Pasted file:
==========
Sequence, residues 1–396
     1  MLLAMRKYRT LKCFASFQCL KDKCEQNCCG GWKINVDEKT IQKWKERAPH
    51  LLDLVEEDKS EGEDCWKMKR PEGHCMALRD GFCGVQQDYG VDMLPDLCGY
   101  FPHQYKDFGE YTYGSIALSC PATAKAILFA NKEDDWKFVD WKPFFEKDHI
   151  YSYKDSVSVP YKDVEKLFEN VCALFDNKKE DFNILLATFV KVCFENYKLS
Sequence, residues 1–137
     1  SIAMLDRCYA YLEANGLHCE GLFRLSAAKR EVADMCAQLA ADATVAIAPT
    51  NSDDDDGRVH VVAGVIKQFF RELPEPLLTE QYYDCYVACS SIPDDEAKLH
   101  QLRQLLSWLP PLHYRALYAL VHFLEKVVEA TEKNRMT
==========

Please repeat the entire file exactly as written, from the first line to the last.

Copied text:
Sequence, residues 1–396
     1  MLLAMRKYRT LKCFASFQCL KDKCEQNCCG GWKINVDEKT IQKWKERAPH
    51  LLDLVEEDKS EGEDCWKMKR PEGHCMALRD GFCGVQQDYG VDMLPDLCGY
   101  FPHQYKDFGE YTYGSIALSC PATAKAILFA NKEDDWKFVD WKPFFEKDHI
   151  YSYKDSVSVP YKDVEKLFEN VCALFDNKKE DFNILLATFV KVCFENYKLS
Sequence, residues 1–137
     1  SIAMLDRCYA YLEANGLHCE GLFRLSAAKR EVADMCAQLA ADATVAIAPT
    51  NSDDDDGRVH VVAGVIKQFF RELPEPLLTE QYYDCYVACS SIPDDEAKLH
   101  QLRQLLSWLP PLHYRALYAL VHFLEKVVEA TEKNRMT